Following four prior defeats in Grand Slam quarter-finals – twice in Paris and twice in Melbourne – Svitolina ended the run of the net-charging Czech, Karolina Muchova to advance to a semi-final.
“Actually [I] was happy no one really looked at my matches before,” Svitolina said. “Everyone was watching other matches, other players. So it was quite different, you know.”
“Before, like going into Roland-Garros a couple of times, I had lots of expectations, lots of pressure … Here I just had probably the pressure from myself. I handle it pretty good.
“It's just about trying to find my game, try to enjoy. Yeah, don't think too much about what can happen.”
Simona Halep now stands between the Ukrainian and an unlikely Grand Slam final on grass. Svitolina holds the narrow edge, 4-3, in previous battles but one of those defeats was forever engrained.
Serena through to the Semi Finals
The No.11 seed subsequently managed a tremendous quarter-final challenge against fellow American Alison Riske, requiring two hours and one minute to record a 6-4, 4-6, 6-3 victory.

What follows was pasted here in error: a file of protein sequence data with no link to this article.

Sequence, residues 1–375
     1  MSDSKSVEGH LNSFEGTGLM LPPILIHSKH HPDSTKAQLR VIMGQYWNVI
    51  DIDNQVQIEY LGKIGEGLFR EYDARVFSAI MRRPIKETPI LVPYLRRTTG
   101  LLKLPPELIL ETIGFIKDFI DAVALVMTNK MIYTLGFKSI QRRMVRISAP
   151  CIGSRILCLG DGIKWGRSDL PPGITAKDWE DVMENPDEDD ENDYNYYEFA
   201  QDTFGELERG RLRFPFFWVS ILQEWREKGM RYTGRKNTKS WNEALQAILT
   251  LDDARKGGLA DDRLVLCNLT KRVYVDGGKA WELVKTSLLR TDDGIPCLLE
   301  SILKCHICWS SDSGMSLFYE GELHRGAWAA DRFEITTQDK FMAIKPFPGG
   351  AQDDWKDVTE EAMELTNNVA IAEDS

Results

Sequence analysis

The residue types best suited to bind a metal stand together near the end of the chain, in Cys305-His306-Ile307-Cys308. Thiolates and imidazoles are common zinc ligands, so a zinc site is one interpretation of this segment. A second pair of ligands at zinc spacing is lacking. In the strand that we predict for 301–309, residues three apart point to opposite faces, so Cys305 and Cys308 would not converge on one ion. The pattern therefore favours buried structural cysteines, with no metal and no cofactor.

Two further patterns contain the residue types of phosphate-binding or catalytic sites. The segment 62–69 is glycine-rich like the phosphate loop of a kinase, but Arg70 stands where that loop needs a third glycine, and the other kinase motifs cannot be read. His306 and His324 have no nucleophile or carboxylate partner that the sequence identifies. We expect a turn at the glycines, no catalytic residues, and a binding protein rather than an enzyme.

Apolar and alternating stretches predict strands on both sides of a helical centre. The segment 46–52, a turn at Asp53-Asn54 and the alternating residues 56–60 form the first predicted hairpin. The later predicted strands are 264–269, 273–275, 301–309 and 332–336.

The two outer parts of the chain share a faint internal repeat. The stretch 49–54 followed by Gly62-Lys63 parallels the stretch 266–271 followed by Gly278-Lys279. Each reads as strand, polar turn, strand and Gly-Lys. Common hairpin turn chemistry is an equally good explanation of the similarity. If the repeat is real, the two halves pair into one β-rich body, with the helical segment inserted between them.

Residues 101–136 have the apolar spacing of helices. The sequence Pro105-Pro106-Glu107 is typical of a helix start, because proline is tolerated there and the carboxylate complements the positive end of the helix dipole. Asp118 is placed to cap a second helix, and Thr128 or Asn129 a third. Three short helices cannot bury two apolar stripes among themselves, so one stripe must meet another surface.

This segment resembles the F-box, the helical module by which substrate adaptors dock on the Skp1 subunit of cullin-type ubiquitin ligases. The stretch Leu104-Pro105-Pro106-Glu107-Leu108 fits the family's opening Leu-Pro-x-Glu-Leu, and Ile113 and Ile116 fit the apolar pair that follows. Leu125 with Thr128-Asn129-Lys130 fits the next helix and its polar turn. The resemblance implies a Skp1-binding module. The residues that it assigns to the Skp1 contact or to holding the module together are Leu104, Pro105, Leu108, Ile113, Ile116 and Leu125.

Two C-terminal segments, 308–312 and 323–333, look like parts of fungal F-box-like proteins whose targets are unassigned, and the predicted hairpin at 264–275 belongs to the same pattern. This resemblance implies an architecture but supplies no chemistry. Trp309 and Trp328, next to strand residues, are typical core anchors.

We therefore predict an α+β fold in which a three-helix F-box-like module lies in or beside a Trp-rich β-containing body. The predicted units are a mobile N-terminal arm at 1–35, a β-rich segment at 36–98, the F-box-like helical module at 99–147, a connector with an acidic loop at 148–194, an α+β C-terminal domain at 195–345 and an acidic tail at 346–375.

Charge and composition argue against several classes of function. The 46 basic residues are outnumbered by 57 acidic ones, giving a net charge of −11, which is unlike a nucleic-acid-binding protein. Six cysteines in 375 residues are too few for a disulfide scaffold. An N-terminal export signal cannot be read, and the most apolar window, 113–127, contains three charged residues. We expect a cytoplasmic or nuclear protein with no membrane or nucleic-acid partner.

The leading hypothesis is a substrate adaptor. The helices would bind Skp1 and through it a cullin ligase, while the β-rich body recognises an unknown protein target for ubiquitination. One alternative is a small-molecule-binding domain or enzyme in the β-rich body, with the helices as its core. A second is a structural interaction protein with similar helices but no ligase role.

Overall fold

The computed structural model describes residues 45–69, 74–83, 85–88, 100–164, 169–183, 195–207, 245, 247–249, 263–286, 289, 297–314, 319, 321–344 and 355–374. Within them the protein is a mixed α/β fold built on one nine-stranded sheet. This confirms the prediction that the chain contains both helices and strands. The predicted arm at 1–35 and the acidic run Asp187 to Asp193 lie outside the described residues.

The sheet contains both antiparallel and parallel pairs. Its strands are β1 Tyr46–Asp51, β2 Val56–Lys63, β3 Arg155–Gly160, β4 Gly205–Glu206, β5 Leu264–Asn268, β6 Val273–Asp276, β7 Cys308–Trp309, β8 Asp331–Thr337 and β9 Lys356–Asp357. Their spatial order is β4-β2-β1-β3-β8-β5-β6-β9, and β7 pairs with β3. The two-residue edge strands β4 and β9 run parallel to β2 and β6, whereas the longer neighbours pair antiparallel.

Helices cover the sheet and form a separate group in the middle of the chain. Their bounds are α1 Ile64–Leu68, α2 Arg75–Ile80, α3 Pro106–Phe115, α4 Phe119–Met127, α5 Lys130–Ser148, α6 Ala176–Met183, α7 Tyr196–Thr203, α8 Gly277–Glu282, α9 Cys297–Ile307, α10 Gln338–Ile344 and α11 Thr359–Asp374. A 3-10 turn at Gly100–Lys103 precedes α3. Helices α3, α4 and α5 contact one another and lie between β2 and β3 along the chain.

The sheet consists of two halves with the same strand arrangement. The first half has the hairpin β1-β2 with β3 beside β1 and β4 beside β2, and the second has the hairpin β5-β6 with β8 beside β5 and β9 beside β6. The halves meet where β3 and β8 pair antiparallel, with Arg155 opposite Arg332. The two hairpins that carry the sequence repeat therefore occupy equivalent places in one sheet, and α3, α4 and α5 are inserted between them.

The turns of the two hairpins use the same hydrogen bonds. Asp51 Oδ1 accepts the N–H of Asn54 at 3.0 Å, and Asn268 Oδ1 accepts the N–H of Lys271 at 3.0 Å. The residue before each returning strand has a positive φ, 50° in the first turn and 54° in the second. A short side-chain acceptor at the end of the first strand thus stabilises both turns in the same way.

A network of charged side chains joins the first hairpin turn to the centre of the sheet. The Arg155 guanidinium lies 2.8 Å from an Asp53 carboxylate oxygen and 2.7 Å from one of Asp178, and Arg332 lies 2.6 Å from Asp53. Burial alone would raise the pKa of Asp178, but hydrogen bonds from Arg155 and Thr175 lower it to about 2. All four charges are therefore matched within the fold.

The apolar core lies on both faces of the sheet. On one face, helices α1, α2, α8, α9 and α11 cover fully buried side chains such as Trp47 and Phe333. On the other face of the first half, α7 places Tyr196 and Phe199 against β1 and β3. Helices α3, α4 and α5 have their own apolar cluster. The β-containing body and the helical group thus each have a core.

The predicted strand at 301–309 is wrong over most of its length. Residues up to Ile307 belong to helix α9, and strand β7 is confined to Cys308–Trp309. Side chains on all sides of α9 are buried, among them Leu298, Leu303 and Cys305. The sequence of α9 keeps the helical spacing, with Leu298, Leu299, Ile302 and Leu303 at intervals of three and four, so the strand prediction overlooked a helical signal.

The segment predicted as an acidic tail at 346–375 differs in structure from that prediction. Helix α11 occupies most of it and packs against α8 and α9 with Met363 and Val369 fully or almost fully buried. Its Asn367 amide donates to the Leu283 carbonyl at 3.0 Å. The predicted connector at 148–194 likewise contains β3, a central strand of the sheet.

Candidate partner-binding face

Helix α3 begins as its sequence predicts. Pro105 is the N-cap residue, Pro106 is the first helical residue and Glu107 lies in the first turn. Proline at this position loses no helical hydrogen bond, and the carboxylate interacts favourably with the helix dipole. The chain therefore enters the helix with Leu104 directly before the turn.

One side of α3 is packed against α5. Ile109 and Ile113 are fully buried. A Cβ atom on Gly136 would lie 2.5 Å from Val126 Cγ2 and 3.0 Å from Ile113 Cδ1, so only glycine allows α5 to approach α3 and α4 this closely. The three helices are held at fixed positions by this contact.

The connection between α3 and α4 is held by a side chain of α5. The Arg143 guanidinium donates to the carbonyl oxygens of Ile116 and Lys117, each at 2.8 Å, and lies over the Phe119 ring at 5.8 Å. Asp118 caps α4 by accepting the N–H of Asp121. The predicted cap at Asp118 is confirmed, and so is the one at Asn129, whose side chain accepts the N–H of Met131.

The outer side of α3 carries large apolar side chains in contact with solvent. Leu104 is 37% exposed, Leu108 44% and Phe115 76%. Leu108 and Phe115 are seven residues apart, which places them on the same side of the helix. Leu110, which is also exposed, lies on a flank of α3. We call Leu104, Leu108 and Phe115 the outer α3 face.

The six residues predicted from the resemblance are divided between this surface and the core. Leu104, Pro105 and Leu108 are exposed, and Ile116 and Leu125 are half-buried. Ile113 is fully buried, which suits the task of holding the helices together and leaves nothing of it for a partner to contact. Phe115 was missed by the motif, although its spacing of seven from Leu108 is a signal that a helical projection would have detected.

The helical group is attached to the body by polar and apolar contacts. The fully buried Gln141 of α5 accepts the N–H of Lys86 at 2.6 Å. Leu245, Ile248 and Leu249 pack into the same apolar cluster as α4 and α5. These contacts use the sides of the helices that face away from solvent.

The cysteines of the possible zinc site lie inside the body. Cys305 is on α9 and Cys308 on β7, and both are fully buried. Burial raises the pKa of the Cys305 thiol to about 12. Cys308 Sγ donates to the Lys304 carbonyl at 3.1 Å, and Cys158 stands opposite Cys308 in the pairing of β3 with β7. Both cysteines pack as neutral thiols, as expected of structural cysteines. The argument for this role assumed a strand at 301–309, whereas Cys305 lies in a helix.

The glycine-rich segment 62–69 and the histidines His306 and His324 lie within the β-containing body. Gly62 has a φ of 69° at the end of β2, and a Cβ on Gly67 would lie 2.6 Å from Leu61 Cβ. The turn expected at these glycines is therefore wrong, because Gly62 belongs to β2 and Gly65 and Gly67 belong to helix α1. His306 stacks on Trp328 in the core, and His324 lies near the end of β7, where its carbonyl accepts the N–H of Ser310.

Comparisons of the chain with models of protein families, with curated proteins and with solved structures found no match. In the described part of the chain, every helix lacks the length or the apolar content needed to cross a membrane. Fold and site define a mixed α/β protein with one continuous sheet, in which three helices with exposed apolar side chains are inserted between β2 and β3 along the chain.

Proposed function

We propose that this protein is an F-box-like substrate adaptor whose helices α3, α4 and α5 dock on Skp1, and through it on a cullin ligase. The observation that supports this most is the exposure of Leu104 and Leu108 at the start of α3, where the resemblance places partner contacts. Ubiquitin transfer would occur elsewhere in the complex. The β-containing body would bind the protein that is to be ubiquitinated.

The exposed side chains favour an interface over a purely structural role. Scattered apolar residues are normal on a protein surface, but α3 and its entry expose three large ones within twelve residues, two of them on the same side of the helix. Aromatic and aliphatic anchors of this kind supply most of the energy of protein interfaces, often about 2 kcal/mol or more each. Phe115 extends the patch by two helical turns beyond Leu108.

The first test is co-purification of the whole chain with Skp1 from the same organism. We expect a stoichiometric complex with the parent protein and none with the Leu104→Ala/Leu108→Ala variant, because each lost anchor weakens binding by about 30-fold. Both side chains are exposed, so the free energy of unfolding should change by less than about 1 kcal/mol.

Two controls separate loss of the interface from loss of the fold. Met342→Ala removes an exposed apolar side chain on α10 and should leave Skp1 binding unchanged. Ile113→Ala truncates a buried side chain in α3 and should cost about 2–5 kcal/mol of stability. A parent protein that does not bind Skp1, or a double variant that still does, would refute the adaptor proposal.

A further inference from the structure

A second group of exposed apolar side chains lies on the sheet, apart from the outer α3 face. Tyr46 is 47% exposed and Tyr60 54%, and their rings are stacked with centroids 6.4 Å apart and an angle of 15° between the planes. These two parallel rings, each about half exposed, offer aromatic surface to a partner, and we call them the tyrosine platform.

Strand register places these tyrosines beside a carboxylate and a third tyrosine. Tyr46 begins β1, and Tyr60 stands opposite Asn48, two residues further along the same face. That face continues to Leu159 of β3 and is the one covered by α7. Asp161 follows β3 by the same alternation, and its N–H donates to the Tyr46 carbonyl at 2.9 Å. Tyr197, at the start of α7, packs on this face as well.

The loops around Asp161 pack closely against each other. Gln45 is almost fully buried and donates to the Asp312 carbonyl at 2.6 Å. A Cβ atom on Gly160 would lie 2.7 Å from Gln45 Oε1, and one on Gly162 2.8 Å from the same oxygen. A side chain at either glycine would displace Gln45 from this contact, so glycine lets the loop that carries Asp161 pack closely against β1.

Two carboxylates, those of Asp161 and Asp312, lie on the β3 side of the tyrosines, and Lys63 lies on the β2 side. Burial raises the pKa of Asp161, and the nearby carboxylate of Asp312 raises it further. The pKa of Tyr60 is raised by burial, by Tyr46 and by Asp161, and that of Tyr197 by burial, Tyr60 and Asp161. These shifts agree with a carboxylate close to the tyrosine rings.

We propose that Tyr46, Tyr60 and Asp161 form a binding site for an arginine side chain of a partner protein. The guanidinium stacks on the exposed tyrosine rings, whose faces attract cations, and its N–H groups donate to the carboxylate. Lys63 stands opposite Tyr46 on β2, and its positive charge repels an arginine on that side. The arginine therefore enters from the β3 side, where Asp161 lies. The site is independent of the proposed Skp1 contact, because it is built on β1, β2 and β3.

Halep fights to beat Zhang in straight sets 76 61
Zhang’s display belied both her world No.50 ranking and the fact that she had never won a Wimbledon match in five attempts before this campaign; but having surrendered that first set, she was powerless. In front of a riveted crowd on No.1 Court, Halep prevailed 7-6(4), 6-1 to reach the semi-finals here for the first time since 2014.
Strycova Joy as Konta goes out
Unsurprisingly, the crowd was sitting squarely behind Konta. Could this be the moment that Konta became the first British woman to reach the last four since… oh, hang on… since Johanna Konta in 2017?
Barbora Strycova is through to her first Wimbledon semi-final – her first Grand Slam semi-final anywhere, come to think of it – after a magical display of artistry, craft and knowhow to beat Johanna Konta 7-6(5), 6-1.